The student media organization of California State University Northridge

Daily Sundial

The student media organization of California State University Northridge

Daily Sundial

The student media organization of California State University Northridge

Daily Sundial

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Writer’s strike might be good for viewers

For the first time since 1988 the Hollywood writers union has been authorized to go on strike, a decision fueled by the lack of proper residuals given to the writers from DVD and internet sales.

Authorization to strike was determined in a vote cast by the Writers Guild of America last Thursday. Writers are being authorized to strike anytime after October 31, which is when their 3-year contracts will be up. The strike of 1988 lasted 22 weeks and cost an estimated $500 million.

Money is, of course, the issue that’s surrounding this strike. With more and more television shows available on DVD, writers want compensation from the sales. According to an article in USA Today, “A key issue dividing producers and writers, as well as actors, is compensation for DVD sales and productions that get distributed on the Internet or in other new media formats.”

The strike means one thing to me, an end to over-the-top, crappy scripts. It may sound harsh, but this strike may be the break society needs in brainless entertainment. Television has been the biggest example of poor writing and mindless entertainment. With the fall premiere season coming to a close, one cannot help but look around and survey the damage. A new slew of televisions shows were ushered in with great force, but of those shows only a very small handful will be successful. With every flop there is a major financial loss for studios and production companies. Writers have more say about scripts on television then they do in any other field of entertainment. You would think that with more control over production there would be a better product turned out.

Writers are one of the key figures in entertainment, so with the strike ahead many producers are scrambling to get as much television shows out as they can.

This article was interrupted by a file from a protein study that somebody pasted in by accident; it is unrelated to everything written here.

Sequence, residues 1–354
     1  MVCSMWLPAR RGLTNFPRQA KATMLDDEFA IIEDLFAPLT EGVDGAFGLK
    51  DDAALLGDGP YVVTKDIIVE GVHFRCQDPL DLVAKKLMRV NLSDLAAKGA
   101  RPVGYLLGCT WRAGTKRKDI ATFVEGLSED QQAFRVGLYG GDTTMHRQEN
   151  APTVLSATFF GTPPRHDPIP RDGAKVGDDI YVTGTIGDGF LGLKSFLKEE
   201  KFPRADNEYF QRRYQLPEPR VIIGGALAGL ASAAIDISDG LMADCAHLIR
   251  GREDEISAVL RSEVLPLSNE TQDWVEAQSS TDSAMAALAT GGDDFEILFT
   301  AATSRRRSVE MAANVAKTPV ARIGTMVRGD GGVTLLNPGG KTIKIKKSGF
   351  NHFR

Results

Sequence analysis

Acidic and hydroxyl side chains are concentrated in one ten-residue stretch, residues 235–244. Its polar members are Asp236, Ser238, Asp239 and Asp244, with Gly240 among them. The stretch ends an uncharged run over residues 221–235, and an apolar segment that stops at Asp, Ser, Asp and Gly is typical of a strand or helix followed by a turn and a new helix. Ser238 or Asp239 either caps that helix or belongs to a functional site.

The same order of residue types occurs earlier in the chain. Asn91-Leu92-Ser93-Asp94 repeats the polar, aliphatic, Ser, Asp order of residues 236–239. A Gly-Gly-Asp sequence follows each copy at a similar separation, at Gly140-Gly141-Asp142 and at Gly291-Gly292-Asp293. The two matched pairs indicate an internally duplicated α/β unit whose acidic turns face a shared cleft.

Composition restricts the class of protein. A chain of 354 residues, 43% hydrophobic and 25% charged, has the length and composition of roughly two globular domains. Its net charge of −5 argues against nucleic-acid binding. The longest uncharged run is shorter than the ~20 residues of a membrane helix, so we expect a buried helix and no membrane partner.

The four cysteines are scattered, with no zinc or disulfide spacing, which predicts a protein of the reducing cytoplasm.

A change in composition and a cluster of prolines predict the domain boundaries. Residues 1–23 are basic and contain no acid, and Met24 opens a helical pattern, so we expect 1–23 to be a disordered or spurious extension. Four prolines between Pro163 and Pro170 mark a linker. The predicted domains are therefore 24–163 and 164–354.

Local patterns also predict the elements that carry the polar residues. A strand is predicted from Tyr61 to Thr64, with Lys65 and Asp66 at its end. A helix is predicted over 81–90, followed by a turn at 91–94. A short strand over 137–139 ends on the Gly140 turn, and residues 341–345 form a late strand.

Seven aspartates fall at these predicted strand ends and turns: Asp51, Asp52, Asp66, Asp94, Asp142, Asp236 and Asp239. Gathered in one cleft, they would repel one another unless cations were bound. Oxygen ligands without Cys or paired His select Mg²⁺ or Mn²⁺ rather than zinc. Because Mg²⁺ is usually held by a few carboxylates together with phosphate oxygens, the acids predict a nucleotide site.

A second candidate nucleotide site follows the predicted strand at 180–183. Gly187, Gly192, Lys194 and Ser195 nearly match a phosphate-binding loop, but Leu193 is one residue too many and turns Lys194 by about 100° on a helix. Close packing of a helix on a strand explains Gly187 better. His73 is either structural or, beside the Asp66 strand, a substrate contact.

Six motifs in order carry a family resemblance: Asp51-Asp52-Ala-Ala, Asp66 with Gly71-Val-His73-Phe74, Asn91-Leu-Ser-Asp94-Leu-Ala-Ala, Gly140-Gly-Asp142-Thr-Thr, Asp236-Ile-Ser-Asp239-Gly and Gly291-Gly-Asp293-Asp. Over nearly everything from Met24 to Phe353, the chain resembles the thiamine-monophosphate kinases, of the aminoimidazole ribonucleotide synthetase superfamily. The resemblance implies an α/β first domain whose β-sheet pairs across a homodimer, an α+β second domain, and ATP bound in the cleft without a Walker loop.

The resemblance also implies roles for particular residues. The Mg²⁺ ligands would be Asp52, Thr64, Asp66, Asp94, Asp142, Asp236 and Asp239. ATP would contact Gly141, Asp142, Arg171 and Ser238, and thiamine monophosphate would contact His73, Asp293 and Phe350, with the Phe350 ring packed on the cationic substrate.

This fall season hits a new low with what premiered on TV; ABC’s Cavemen. The show is based on three cavemen living among modern society. The show was based off the popular Geico commercials, and is one of the reasons why I feel that the writer’s strike just might be a good thing.

Many late night TV shows will need to rely on their own writing skills, as many late shows depend on writers as well. This strike, in many ways, will be able to showcase which entertainers are actually talented enough to carry a show. Those who are not creative enough to produce an entertaining show without the aid of writers will be displayed for all to see.

The one bad thing that I see coming out of this strike is the fact that it might increase the number of “reality” shows. Reality shows will not be affected by the strike because they are nonunion, so America will continue to be fed large doses of reality TV.

Some may say that these writers deserve compensation for the work that they do, which is understandable. Writers do deserve to be paid for the work that they have produced, but pay should be rewarded to those that produce quality work. Actors and Actresses become more profitable after they have won an award, and seem to lose worth when they accept bad roles. The same can be applied to writers: they should be given more money if the product is successful.

Writers should be paid for the work that they have done and it’s understandable why they feel the need to go on strike. Writer’s hope that the strike will bring them the money that they deserve, until then the strike should be used to focus on producing better material.

For those who are concerned about not being able to catch the latest episodes of their favorite shows, ?America should see this strike as an opportunity to put down the remote control and pick up a book. ?

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